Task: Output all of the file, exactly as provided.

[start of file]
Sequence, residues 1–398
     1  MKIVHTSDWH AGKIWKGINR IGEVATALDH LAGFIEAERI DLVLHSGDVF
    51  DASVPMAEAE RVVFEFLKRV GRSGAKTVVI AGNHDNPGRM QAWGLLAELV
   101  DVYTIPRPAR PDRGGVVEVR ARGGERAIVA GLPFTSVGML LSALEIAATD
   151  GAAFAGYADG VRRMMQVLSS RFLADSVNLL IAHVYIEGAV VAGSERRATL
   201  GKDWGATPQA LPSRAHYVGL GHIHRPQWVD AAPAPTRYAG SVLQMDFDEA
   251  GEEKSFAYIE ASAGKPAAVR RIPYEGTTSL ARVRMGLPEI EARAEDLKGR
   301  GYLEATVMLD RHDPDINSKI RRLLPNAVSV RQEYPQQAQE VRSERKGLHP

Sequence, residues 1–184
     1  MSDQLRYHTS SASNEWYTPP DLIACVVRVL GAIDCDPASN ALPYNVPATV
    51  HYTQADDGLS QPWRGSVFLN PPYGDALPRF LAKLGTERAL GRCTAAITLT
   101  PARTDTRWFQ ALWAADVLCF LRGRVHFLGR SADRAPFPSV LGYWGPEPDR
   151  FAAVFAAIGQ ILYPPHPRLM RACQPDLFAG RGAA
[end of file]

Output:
Sequence, residues 1–398
     1  MKIVHTSDWH AGKIWKGINR IGEVATALDH LAGFIEAERI DLVLHSGDVF
    51  DASVPMAEAE RVVFEFLKRV GRSGAKTVVI AGNHDNPGRM QAWGLLAELV
   101  DVYTIPRPAR PDRGGVVEVR ARGGERAIVA GLPFTSVGML LSALEIAATD
   151  GAAFAGYADG VRRMMQVLSS RFLADSVNLL IAHVYIEGAV VAGSERRATL
   201  GKDWGATPQA LPSRAHYVGL GHIHRPQWVD AAPAPTRYAG SVLQMDFDEA
   251  GEEKSFAYIE ASAGKPAAVR RIPYEGTTSL ARVRMGLPEI EARAEDLKGR
   301  GYLEATVMLD RHDPDINSKI RRLLPNAVSV RQEYPQQAQE VRSERKGLHP

Sequence, residues 1–184
     1  MSDQLRYHTS SASNEWYTPP DLIACVVRVL GAIDCDPASN ALPYNVPATV
    51  HYTQADDGLS QPWRGSVFLN PPYGDALPRF LAKLGTERAL GRCTAAITLT
   101  PARTDTRWFQ ALWAADVLCF LRGRVHFLGR SADRAPFPSV LGYWGPEPDR
   151  FAAVFAAIGQ ILYPPHPRLM RACQPDLFAG RGAA